Setbacks like this are why God blessed us with Marriott points, however, and another night in a hotel wasn’t all that inconvenient.  And the good folks at the shipyard were pretty efficient all-in-all.  Great place.

By today everything was buttoned up and Tuesday’s sea-trial with the new fins was uneventful, so off we went.

Oscar needed all of about ten seconds to remember that he likes cruising days.

The Sound was too calm for us to test the new stabilizer system, which on balance was okay with us.

Heading up the Connecticut River, we passed on by the place we stayed in Old Saybrook a few posts and eight months ago.

As we anticipated, Next Stop, Christmas was pretty hokey.

Which got us to Essex.  Yesterday the nice dockhand at the Safe Harbor Dauntless marina said their diesel fuel was $5.14, which was about $2 less than anyplace else.  But, she warned us, a new shipment was coming in and the price would go up.  This morning the nice dockhand said they were expecting the new shipment today.  Grrr.  We tied off on the fuel dock literally as the Dennis Fuel truck pulled in, but got what in these absurd times counts as a deal.  Woooo!

That fuel savings allowed us to have a great dinner at the Griswold Inn.

If we weren’t so tired and the Vols weren’t playing Vandy in the SEC baseball tournament on TV we’d discuss the lengthy history of the Inn, along with a bit about Clark and Ellen and Aunt Edna.  Maybe next time. We’re staying in Essex until Monday so as to avoid Memorial Weekend boating knuckleheads and crappy weather, so there’s plenty of time.

Which way is Santa Fe, New Mexico?*

So we love our Arizona desert.  Gorgeous winters.  Sunsets on the mountains.  Cholla Pickleball.  Dana’s rescue dogs at Home Fur Good.  Great friends.  Funky desert plants that look normal to us but strange to East-Coasters.

What we don’t enjoy, however, are 100° temperatures that only will climb from there.  That’s not even a joke, even though it’s barely mid-May.

Summers here suck almost as much as Nick Saban and serial killers.  Thus it’s a good thing we also love oceans and rivers and canals, and sleeping on a boat, and sunrises over the water, and a different set of great friends.

The point is, tomorrow morning we leave Scottsdale and head back to Connecticut.  Oscar is older and slower, but we think he must be looking forward to inherently unstable surfaces since he hasn’t voiced any objection.

PSA No. 1:  Rental cars are insanely expensive these days.  Cargo vans, however, are $26 per day.  And as an added bonus, loading doesn’t require much more than just tossing stuff in since the cargo area is huge.  So we bought a bunch of provisions here since, what the heck, we have a huge cargo van reserved.

PSA No. 2:  The Hertz place on Bell Road sucks almost as much as a Phoenix summer.  They tell you your cargo van is ready to be picked up, except when you go way over to the west side to get it not only do they not have one, the frazzled girl at the counter keeps taking walk-in customers rather than focusing like a laser on your needs.  Then when she finally has one delivered from Tempe hours later, the AC doesn’t work.  And it’s roughly 140° inside the van so ain’t nobody taking it.  Even more hours later she finally admits that Hertz in fact has no cargo vans—or mini vans—in the entire Phoenix metropolitan area.  “How about a 12’ box truck?”  Um, no.  Ten miles per gallon in an uncomfortable cab across the entire United States doesn’t work for normal people or Oscar.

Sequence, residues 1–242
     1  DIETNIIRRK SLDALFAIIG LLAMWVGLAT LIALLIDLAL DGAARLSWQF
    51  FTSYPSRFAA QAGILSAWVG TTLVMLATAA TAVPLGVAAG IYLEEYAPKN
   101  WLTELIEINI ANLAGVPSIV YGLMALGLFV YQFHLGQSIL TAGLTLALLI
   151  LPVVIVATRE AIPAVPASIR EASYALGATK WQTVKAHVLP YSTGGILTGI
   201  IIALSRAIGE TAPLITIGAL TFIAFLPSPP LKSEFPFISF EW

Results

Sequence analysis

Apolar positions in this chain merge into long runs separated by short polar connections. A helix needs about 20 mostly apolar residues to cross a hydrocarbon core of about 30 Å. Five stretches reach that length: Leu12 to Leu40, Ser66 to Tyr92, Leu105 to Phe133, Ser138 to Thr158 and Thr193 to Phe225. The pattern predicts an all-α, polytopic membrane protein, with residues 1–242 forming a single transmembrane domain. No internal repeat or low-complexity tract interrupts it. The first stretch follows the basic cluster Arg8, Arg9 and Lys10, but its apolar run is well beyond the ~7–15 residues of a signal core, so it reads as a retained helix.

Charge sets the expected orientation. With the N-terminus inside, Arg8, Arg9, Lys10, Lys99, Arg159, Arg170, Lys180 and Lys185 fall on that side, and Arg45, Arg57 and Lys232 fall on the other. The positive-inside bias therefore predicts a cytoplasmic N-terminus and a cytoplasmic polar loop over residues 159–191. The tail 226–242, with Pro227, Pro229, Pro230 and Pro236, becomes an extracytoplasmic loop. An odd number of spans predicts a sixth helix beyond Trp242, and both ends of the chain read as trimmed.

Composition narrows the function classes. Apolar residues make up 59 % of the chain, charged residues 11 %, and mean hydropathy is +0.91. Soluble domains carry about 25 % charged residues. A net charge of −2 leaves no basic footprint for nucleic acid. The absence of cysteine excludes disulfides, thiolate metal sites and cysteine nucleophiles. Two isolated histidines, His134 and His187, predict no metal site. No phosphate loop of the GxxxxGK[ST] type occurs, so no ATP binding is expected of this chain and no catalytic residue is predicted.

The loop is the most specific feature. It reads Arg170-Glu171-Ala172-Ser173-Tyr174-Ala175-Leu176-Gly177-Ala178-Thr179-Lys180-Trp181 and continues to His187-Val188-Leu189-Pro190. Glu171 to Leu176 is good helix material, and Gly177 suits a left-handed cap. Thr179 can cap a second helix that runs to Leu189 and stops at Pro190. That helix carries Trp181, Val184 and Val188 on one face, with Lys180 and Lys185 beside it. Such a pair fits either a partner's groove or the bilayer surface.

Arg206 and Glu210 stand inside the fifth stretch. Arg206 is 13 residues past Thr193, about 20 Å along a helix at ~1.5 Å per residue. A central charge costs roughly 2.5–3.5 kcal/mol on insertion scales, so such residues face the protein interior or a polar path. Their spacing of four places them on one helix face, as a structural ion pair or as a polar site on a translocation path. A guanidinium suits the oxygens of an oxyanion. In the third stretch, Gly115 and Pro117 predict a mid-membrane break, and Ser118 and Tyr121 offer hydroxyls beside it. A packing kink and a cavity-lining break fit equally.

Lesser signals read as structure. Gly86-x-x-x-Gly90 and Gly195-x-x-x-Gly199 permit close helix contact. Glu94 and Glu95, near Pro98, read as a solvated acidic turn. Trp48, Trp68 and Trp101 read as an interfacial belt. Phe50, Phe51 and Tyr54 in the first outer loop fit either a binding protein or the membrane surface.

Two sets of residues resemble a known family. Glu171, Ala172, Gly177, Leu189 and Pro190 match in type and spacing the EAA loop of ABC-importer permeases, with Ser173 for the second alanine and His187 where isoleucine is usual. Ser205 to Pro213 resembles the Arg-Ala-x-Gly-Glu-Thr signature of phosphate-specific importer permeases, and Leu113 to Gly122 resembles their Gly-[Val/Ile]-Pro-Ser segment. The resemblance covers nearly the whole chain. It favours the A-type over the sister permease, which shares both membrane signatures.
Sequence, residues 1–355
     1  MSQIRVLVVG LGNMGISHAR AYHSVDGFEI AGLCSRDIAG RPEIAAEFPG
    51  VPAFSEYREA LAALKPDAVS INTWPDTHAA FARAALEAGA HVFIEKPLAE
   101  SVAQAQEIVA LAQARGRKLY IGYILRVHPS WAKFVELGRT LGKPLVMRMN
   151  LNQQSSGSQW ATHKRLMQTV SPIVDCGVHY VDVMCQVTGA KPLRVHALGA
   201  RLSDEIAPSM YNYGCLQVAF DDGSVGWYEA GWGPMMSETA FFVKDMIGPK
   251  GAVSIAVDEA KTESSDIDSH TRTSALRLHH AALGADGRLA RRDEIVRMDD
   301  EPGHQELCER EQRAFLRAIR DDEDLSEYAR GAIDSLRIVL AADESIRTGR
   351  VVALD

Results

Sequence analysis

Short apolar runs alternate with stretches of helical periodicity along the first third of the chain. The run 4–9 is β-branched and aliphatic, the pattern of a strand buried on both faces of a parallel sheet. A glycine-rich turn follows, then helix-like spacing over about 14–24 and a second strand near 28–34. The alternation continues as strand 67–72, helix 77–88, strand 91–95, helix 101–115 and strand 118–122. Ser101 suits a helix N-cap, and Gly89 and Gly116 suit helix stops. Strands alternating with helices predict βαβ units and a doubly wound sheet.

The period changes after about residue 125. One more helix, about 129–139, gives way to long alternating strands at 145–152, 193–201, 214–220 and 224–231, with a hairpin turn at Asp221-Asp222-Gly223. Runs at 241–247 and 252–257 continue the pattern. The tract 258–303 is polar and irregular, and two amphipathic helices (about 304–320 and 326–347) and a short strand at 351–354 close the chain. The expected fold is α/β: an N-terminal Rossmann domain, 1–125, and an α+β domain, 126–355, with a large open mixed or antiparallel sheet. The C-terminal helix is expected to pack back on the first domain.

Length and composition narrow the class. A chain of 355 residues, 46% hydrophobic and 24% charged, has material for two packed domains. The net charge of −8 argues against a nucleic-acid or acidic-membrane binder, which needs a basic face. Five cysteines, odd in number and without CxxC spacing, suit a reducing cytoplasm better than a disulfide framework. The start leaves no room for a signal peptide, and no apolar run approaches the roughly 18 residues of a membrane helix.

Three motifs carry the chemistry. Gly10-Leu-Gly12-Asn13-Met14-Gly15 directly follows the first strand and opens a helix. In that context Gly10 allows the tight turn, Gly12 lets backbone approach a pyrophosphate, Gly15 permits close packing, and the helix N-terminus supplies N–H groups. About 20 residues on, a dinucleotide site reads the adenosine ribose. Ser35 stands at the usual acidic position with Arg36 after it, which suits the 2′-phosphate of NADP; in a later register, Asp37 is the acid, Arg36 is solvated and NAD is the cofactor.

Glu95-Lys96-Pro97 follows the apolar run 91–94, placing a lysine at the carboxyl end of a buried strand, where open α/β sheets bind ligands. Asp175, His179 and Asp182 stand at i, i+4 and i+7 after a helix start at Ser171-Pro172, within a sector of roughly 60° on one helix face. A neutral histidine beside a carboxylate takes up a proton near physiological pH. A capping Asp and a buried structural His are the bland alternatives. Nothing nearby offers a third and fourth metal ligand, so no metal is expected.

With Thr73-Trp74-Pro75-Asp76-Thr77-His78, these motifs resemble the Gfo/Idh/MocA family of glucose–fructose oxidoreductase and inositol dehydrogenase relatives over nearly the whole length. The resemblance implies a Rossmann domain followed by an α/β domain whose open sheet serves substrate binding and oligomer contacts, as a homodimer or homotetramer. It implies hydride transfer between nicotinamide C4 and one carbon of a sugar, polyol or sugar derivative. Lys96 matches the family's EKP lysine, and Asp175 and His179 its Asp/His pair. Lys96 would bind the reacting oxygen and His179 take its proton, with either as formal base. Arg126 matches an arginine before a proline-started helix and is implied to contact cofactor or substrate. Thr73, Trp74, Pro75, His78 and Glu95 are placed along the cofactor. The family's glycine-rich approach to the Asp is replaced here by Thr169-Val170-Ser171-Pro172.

Just moments before Doug’s head exploded like one of those pressure-cooker bombs the Tsarnaev brothers set off in Boston, Hertz’ final option was a SUV which isn’t nearly big enough to hold all our stuff.  Screw it.  Hunt down a car-top carrier and we’ll ditch all those things we felt smart for buying in advance.  So no, that isn’t a cargo van.

All we know is that Tumbleweed better be ready to go, because we have big summer plans and those plans require leaving Mystic Shipyard.  In the immediate future, we’re counting on Dave and Becky cruising a bit up the Hudson with us.  If we get through a few dicey bridges intact, we’re picking up Brent and Karen—who by force of habit we collectively call Second Wave even though that boat has new owners and a new name—in Burlington.  Then to Montreal, Ottawa, Kingston, Toronto, and Hamilton for the Great White North portion of the summer.**  Ultimately we hope to be somewhere south of Tennessee by the time the Arizona winter calls us back, with a bunch more guests along the way.

Special thanks to Jack and Sharon for the wonderful last meal and for gathering our mail and checking on the house until we return.


*We won’t catalog all our stops between Scottsdale and Mystic, but assuming we aren’t swallowed up by forest fires along the way we’re heading first to Santa Fe to see Dana’s dad and stepmom.  Hence the Don Williams song title.  As an aside, we once saw him in concert.  He was cranky and unpleasant.

**Take off, eh.